Author Contributions

Conceptualization, A.F., H.R., A.A. and H.V.; methodology, A.F. and A.A.; formal analysis, A.F. and H.R.; investigation, A.F., H.R., A.A. and H.V.; resources, H.V. and A.A.; writing—original draft preparation, A.F. and H.R.; writing—review and editing, A.F., H.R., A.A. and H.V.; supervision, H.R., A.A.; project administration, H.V. All authors have read and agreed to the published version of the manuscript.


This work was financially supported by: Project POCI-01-0145-FEDER-007457-CONSTRUCT-Institute of R&D In Structures and Construction funded by FEDER funds through COMPETE2020-Programa Operacional Competitividade e Internacionalização and by national funds through FCT-Fundação para a Ciência e a Tecnologia.


The authors would like also to acknowledge to the Laboratory of Earthquake and Structural Engineering (LESE) technicians, Guilherme Nogueira and Nuno Pinto for their support in the experimental activity reported in this research work.

Conflicts of Interest

The authors certify that they have no conflict of interest or involvement in any organization or entity with any financial interest (such as honoraria; educational grants; participation in speakers’ bureaus; membership, employment, consultancies, stock ownership, or other equity interest; and expert testimony or patent-licensing arrangements), or non-financial interest (such as personal or professional relationships, affiliations, knowledge or beliefs) in the subject matter or materials discussed in this manuscript.

Data Availability

All data, models, and code generated or used during the study appear in the submitted article.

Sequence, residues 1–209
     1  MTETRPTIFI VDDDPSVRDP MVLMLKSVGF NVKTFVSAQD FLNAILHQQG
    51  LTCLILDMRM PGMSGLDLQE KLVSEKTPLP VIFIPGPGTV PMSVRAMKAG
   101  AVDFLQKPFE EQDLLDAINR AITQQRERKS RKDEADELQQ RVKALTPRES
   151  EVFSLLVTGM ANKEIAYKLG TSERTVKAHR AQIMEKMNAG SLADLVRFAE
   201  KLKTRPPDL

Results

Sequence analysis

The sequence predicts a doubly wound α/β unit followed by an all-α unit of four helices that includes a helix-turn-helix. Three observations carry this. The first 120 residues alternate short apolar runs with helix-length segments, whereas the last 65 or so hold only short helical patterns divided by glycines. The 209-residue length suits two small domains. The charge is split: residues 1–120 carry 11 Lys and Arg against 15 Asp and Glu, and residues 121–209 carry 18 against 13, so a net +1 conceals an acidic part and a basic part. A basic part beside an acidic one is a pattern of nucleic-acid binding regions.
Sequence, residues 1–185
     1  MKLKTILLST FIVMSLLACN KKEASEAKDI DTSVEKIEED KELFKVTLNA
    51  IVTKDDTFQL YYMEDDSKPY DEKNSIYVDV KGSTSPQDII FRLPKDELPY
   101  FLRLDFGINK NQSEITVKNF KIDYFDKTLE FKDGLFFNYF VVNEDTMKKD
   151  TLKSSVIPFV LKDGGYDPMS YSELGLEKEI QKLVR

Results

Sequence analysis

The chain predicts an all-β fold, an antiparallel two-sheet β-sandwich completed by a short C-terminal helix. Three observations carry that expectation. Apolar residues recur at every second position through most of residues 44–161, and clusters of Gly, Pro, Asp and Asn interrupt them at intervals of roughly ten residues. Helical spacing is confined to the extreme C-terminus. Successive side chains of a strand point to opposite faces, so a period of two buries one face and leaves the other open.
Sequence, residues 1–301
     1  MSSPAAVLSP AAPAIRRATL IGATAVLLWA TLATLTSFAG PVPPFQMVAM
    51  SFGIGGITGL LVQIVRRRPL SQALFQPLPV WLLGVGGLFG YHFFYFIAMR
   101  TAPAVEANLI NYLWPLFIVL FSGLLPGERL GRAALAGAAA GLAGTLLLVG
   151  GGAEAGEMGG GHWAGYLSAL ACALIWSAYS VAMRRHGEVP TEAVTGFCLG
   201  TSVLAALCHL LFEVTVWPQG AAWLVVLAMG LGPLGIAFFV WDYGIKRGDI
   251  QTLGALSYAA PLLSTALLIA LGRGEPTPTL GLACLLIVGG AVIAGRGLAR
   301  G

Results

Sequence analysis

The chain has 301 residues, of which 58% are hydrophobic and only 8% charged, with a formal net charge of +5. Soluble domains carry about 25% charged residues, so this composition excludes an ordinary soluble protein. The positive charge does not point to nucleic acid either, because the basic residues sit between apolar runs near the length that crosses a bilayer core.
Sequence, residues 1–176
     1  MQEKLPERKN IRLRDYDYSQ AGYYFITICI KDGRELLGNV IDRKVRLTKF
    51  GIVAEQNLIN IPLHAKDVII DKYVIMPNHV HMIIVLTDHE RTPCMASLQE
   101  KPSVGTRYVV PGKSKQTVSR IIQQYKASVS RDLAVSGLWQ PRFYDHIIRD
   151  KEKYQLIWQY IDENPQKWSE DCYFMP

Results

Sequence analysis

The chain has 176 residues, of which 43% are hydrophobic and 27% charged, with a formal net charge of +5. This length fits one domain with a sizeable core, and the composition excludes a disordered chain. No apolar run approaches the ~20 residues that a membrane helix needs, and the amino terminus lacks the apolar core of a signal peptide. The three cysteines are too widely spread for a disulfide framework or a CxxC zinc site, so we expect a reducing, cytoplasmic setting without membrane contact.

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  19. EN 1052-2: Methods of Test for Masonry. Determination of Flexural Strength, CEN. 1999. Available online: (accessed on 16 November 2020).
Figure 1. SWM group: (a) detail of the PP (weak) textile mesh size; (b) layout of the strengthening strategy adopted for SWM specimens; (c) strengthening of the MIW (front view of the specimen); and (d) strengthening of the MIW (top and backside of the specimen).
Figure 1. SWM group: (a) detail of the PP (weak) textile mesh size; (b) layout of the strengthening strategy adopted for SWM specimens; (c) strengthening of the MIW (front view of the specimen); and (d) strengthening of the MIW (top and backside of the specimen).
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Figure 2. SSM group: (a) strengthening of the MIW (front view of the specimen); and (b) strengthening of the MIW (top and backside of the specimen).
Figure 2. SSM group: (a) strengthening of the MIW (front view of the specimen); and (b) strengthening of the MIW (top and backside of the specimen).
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Figure 3. Detail of the steel connectors used to anchor the textile meh.
Figure 3. Detail of the steel connectors used to anchor the textile meh.
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Figure 4. Flexural strength tests parallel to horizontal bed joints: (a) profile view of the test setup; and (b) schematic layout of the instrumentation (units in millimetres).
Figure 4. Flexural strength tests parallel to horizontal bed joints: (a) profile view of the test setup; and (b) schematic layout of the instrumentation (units in millimetres).
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Figure 5. Force-displacement results: (a) HCHB150; (b) HCHB150P10; (c) SWM; and (d) SSM; and (e) global comparison (average curves).
Figure 5. Force-displacement results: (a) HCHB150; (b) HCHB150P10; (c) SWM; and (d) SSM; and (e) global comparison (average curves).
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Figure 6. Damages observed (a) Specimen 1 and (b) Specimen 2.
Figure 6. Damages observed (a) Specimen 1 and (b) Specimen 2.